Teachers get in trouble for misguided activities teaching slavery every year. Don’t teach in a vacuum. Instead, collaborate. Even if you are in a small or non-diverse school, you can collaborate effectively with teachers all over the country who come from backgrounds that are different than your own through teacher groups on Facebook. Listen to others. Respect feelings. The way forward is with empathy, respect, listening, and collaboration.

Step 3: Keep Learning

I don’t think there is a level of “perfect” that anyone can achieve in being anti-racist. It’s a life-long, ongoing process. That process will require you to continue to learn, and sometimes learning is uncomfortable. Acceptable that language changes, so be sure to educate yourself on using non-racist language. I researched terms and capitalization before I published this post to double check myself. Just like we teach our students, we have to have a growth mindset here. In the United States, we are working to undo centuries of damage. Still, we need to move as quickly as we can because we can’t wait even more centuries for equity and justice.

Learn about microaggressions. If you’ve used them in the past, knowingly or unknowingly, stop. Learn about African-American Vernacular English. It has it’s own grammar rules and complexities. It is a real and valid way of communication. Do not shame your students for using it. Let students be proud of their vernacular; it can be an important part of identify.  Instead, teach students to fluently code switch so they can be fluent in AAVE and in Standard American English. This of course goes for students who come to you speaking completely different languages or another vernacular too. By the way, everyone code switches. I bet you don’t use the exact same language at school as you do with best friend. That’s code switching.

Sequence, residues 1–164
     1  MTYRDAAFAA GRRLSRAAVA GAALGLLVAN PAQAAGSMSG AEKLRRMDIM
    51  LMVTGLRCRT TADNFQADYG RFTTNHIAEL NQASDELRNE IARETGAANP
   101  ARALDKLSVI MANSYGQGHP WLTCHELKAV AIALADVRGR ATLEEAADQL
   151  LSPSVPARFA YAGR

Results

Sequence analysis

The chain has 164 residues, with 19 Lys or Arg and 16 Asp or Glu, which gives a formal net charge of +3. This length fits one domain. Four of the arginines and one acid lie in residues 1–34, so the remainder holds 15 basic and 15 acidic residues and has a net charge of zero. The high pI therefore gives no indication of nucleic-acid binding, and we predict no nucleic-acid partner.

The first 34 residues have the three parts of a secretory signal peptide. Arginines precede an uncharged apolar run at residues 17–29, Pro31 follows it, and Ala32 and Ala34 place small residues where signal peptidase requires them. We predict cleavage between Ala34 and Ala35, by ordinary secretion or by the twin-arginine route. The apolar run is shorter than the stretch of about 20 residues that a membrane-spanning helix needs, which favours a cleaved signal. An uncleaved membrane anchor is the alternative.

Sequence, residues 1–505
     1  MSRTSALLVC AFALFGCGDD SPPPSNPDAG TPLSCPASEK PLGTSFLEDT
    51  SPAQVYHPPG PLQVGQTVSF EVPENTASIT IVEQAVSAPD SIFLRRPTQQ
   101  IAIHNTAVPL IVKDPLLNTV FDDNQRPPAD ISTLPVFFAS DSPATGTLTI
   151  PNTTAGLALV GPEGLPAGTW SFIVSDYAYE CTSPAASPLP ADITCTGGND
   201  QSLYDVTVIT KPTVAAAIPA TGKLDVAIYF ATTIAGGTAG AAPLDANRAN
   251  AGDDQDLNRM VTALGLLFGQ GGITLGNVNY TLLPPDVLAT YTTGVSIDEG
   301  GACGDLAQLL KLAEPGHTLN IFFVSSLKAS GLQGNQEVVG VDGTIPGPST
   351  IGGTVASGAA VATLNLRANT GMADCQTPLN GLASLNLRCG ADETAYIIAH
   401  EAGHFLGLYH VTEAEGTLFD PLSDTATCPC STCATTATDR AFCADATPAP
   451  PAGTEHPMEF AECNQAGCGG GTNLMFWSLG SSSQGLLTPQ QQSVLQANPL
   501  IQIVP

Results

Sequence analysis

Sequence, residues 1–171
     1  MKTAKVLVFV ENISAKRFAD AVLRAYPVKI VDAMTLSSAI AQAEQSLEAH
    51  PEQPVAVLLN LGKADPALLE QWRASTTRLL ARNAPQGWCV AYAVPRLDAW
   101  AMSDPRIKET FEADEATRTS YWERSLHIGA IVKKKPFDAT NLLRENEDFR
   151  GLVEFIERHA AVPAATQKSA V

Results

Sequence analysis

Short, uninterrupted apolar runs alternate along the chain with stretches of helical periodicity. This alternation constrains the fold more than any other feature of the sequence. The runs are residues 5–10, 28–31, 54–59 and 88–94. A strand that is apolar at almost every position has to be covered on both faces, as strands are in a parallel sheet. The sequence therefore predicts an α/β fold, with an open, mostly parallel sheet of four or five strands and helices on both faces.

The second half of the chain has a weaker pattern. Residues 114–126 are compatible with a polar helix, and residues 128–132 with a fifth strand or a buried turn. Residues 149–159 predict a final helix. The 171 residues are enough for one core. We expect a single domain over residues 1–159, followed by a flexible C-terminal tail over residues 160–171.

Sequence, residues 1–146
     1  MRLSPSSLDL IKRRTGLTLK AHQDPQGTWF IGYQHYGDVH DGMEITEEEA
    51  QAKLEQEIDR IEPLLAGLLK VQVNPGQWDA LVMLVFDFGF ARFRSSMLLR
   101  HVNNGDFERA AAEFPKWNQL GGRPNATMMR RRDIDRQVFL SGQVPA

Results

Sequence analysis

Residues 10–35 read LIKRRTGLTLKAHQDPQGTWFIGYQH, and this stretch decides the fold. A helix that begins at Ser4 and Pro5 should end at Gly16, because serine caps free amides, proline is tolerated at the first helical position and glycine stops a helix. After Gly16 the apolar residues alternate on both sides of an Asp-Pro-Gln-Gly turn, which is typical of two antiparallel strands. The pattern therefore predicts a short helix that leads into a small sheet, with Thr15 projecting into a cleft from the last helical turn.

Learn from Others

Being an anti-racist teacher also means learning from educators who don’t look like you. Here are some teachers and blogs you can check out to broaden your horizons.

  • Jose Vilson: According to his bio on his website, he’s a National Board Certified teacher, a Math for America Master Teacher, and the executive director of EduColor, an organization dedicated to race and social justice issues in education.
  • Learn from group of black teachers, students, and parents.
  • The Latina Teacher is the daughter of an immigrant and a teacher of mostly Hispanic and Latinx students
  • Con Ganas We Can, “is a blog dedicated to amplifying the Latino voice in the education sector.”
  • The Learning Bird works to integrate local (Canadian) Indigenous culture, language, history, and teachings into content.

Do you know of other bloggers (or are you a blogger) I should know about that will help others become an anti-racist teacher? Let me know so I can keep this list updated.

Step 4: Ongoing Reflection

Sometimes, you’re going to look back and cringe at things you’ve done or said or didn’t do or say. I haven’t been perfect in the past, and there are moments I certainly regret, but I keep moving forward.

If you hurt someone with your actions in the past, give them a sincere apology that is about them and their feelings, not you and your feelings. They may not accept your apology, and that is something you will need to just accept. Nobody is entitled to have an apology accepted. Commit to yourself that when in a similar situation in the future you will make an anti-racist choice. When reflecting on some events in your past, you might feel embarrassed and ashamed because it wasn’t your conscious intent. Remember people of color experience embarrassment, shame, and other powerful emotions during racist events, whether they are intentional or not. Don’t let how you feel about how you acted in the past keep you being an anti-racist teacher in the present and future.

This article isn’t remotely an exhaustive list on how to be an anti-racist teacher. It’s just a beginning to start thinking and moving the right direction. Just like I am encouraging you to do, I have a growth mindset perspective here. I know I am not going to get things right all the time, but I commit to growing and learning so that our children can thrive in a world that has healed from centuries of cruelty.